A retreat in the housing market is coming. It's anyone's guess as to when that downturn will happen, but there's no question of a slump eventually hitting the industry again. That's just a fact about cyclical sectors like housing, which are tied to the inevitable swings in broader economic growth.

In its annual report, Home Depot's (NYSE:HD) management warns investors that the retailer's financial performance "depends significantly on the stability of the housing and home improvement markets." These sectors have been expanding steadily since about 2010, but how bad could things get for the business once that pace cools off?

A male customer inspecting a piece of lumber in a home improvement store

Image source: Getty Images.

Roll back the tape

Investors have a good idea of how a sharp downturn might hurt Home Depot, as its sector was among the hardest hit during the financial crisis. With home sales, employment, and residential construction plummeting, spending on home improvement collapsed from a $900 billion annual pace in early 2006 to just $370 billion by late 2010. 

In response, Home Depot's sales shrank from a high of $79 billion in 2007 to $71 billion two years later. Other financial metrics fell even harder. The retailer's operating margin, return on capital, and earnings each declined by 40% or more from 2006 to 2010. Home Depot suspended raising its dividend for three years during the worst of the crisis, and the stock fell by as much as 50% during the Great Recession. Yet the company stayed solidly in the black during this period. Yes, net earnings dove to 3.2% of sales in 2008 from 5.4% the prior year, but that's as bad as things got for shareholders.

A stronger recovery

Net earnings for the most recent 12-month period hit a record 8.6% of sales, which gives investors just a hint of the incredible recovery that Home Depot has enjoyed since the business bottomed out in 2008. Revenue recently crossed a $100 billion annual pace, and the market leader achieved that result mainly through surging customer traffic at existing locations rather than with help from a quickly expanding store base.

Operating margin just hit a record, too, at 14.5% of sales, while Home Depot's 34% return on invested capital makes it among the most efficient businesses on the market. Peer Lowe's (NYSE:LOW) hasn't been able to keep pace with any of these key metrics. The industry's second-place retailer logged 4% comparable-store sales last year, compared to Home Depot's 6%. Its operating margin is still stuck in single digits, and return on invested capital is 19%.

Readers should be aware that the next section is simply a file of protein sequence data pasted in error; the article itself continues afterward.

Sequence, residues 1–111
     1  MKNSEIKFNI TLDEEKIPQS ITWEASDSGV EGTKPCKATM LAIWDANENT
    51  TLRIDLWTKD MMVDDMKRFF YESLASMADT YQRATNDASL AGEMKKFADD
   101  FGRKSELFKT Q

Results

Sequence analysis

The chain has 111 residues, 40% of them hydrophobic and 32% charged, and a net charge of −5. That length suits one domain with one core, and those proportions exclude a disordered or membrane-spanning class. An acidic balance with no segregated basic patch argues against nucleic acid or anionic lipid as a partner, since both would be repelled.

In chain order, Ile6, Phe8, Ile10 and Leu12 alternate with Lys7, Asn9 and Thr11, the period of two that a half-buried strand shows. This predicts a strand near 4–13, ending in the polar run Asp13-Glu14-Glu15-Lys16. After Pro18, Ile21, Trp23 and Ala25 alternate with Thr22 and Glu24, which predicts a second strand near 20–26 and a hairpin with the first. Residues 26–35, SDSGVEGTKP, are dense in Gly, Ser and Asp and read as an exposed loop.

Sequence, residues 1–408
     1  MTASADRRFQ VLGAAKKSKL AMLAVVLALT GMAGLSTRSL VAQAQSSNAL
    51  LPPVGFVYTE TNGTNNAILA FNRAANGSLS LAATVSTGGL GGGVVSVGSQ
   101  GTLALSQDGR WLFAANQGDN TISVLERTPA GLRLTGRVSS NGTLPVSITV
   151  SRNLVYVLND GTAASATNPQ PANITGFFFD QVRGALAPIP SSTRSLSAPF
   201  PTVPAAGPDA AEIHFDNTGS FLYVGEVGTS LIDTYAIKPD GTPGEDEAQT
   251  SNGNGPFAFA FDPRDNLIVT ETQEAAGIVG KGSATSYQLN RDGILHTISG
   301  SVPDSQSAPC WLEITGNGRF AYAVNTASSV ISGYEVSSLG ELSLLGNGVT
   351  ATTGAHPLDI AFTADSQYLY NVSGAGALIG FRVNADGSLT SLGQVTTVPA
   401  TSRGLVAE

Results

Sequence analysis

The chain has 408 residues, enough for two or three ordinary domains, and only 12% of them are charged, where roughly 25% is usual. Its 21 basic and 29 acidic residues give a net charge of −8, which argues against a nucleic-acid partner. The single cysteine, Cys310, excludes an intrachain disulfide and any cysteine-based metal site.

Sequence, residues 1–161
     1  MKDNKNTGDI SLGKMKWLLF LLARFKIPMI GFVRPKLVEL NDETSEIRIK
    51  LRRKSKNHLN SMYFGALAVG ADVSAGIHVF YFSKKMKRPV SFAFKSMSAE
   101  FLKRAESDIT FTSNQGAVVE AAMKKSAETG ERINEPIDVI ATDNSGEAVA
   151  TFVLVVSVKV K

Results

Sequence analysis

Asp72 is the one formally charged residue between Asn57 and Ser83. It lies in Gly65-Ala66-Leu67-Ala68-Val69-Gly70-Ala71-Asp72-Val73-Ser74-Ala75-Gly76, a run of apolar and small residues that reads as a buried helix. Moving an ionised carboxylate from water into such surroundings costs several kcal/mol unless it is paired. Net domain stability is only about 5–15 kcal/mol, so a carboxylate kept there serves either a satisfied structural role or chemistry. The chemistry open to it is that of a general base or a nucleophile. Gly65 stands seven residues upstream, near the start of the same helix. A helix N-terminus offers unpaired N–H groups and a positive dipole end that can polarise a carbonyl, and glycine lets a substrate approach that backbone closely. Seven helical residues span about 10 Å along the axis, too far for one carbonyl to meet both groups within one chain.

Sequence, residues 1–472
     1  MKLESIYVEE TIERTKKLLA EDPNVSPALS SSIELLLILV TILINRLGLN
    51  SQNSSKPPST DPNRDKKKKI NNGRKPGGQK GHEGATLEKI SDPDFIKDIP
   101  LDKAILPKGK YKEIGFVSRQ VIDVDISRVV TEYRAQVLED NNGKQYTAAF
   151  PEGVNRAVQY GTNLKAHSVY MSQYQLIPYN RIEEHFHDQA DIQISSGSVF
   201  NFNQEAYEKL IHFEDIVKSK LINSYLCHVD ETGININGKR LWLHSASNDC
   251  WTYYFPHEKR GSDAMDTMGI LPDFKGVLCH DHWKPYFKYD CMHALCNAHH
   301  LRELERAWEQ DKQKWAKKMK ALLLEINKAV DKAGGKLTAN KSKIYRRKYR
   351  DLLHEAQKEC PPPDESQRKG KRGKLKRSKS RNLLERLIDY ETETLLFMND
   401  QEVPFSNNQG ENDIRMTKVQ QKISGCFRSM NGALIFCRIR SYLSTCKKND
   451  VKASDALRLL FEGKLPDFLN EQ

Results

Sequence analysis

LOW Operating Margin (TTM) Chart

LOW Operating Margin (TTM) data by YCharts.

These performance gaps suggest that Home Depot's rally is being driven by more than just a steadily improving industry.

The next downturn

Its store footprint has held relatively firm since 2010, and so it's hard to see how an overextended sales base would hurt the company in the next downturn. Its market-thumping profitability, meanwhile, provides an even bigger cushion to protect earnings when the industry cools off again. 

As for risks that could pinch shareholders, the company has taken on plenty of extra debt over the last few years. And its 55% payout ratio, compared to Lowe's 35%, doesn't leave much room for continued growth if another multiyear downturn hits the sector.

CEO Craig Menear and his team are keeping a close eye on rising mortgage rates, which could slow industry growth in the coming quarters. They see plenty of reasons for optimism about continued expansion, though, including home price appreciation and a historically low rate of housing formation. Home improvement spending is at $766 billion, which still leaves room for gains before it challenges the $900 billion high set just over a decade ago.  

Investors may or may not witness another downturn before that record is broken. But even a sharp slump on par with the crisis that hit the industry in 2008 wouldn't seriously challenge Home Depot's long-term operating health.

This article represents the opinion of the writer, who may disagree with the “official” recommendation position of a Motley Fool premium advisory service. We’re motley! Questioning an investing thesis -- even one of our own -- helps us all think critically about investing and make decisions that help us become smarter, happier, and richer.